Mayor to decide what targets to include
• Borough planning officers argued
proposed borough housing targets not
consistent with new localism
• The Mayor’s response:
“As CLG’s statement made clear, the Coalition Government has
provided the flexibility to move away from dependence on targets
to meet these needs. However, coupled with other policies rather
than as an end in themselves, targets are a valuable part of the
Mayor’s armoury to exercise his strategic housing responsibilities
and address need in a city as large and complex as London. That
does not mean that he necessarily considers the current
methodology for developing the targets to be the most effective
way forward for the future – it reflects the historic ‘top down’
national guidance which in several instances constrained
boroughs and the GLA from taking proper account of London’s
unique circumstances. The Mayor intends to work with boroughs
and other stakeholders to develop a more effective, responsive
methodology, which will respect these distinct circumstances and
support a new target better fitted to help London tackle its
housing needs and which will be brought forward as an early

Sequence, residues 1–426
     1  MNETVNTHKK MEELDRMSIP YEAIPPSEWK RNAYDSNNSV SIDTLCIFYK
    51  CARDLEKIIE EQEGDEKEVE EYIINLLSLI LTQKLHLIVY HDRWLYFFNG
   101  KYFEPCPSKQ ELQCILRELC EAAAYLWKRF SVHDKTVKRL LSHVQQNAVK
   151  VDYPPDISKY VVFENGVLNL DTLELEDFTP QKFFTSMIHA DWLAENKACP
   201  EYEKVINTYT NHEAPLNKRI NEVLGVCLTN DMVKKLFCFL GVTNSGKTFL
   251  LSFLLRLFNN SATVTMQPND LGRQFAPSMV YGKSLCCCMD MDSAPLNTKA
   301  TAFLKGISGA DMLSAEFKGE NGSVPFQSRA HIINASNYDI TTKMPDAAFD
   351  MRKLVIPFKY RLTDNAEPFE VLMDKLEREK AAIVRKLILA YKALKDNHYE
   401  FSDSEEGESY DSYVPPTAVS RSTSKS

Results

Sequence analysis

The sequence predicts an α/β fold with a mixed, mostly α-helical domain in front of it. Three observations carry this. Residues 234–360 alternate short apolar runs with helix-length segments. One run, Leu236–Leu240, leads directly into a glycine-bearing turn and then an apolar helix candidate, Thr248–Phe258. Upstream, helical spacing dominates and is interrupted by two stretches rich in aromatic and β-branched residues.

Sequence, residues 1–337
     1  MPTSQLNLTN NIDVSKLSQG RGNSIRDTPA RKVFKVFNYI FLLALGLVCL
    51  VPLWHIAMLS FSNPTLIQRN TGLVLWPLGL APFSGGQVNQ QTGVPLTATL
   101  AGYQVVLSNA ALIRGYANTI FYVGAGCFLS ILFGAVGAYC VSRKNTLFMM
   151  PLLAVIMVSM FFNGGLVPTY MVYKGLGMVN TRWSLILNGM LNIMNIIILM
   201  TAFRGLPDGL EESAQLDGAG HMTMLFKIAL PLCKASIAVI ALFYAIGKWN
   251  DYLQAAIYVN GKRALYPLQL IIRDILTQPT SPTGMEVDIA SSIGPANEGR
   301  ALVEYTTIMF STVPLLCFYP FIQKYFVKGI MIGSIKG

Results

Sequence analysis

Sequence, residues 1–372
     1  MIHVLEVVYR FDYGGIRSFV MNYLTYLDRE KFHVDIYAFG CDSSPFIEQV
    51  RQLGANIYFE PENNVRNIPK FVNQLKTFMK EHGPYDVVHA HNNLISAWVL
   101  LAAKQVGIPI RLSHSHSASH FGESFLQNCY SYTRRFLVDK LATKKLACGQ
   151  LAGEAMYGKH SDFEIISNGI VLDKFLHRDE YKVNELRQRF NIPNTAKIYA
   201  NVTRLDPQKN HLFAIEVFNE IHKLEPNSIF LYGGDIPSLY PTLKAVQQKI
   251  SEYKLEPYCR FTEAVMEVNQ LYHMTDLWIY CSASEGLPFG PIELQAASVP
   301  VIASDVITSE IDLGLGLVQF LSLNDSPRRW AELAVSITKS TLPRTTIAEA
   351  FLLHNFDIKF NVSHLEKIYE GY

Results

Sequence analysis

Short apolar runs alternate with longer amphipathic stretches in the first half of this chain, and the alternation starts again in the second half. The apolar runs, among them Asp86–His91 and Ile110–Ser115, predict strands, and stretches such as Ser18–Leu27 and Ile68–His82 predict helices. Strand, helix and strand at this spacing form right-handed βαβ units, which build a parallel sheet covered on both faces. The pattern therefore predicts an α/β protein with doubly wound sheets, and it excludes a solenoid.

alteration to the London Plan.”
The EiP Panel on Localism
“we do not see it as any part of our role to enter into a
philosophical debate on the nature of localism. Rather,
having regard to the statutory duties and
responsibilities of the Mayor, throughout the
Examination we facilitated debate over the necessity or
otherwise of particular standards and targets whether
as mandatory policy or guidance both as matters of
principle and of specific detail. With very limited
exceptions we endorse the position taken by the Mayor
over the strategic justification for inclusion of such
matters or their non-inclusion having had the concept
of localism very much in the forefront of our
Panel response
• Supported borough targets based on Londonwide
housing capacity study
• Agreed boroughs should be bound by
Londonwide density ranges relating to
Sustainable Residential Quality principles
• BUT supported Mayor dropping 50% affordable
housing target
• Supported Mayor changing social rent:
intermediate ratio contrary to evidence in Mayor’s
hosing market assessment
• Agreed that boroughs had flexibility on setting
own affordable housing targets
• Welcomed proposal for more locally based
housing targets
Locally sensitive housing
targets ?
• Retain consistent approach to density and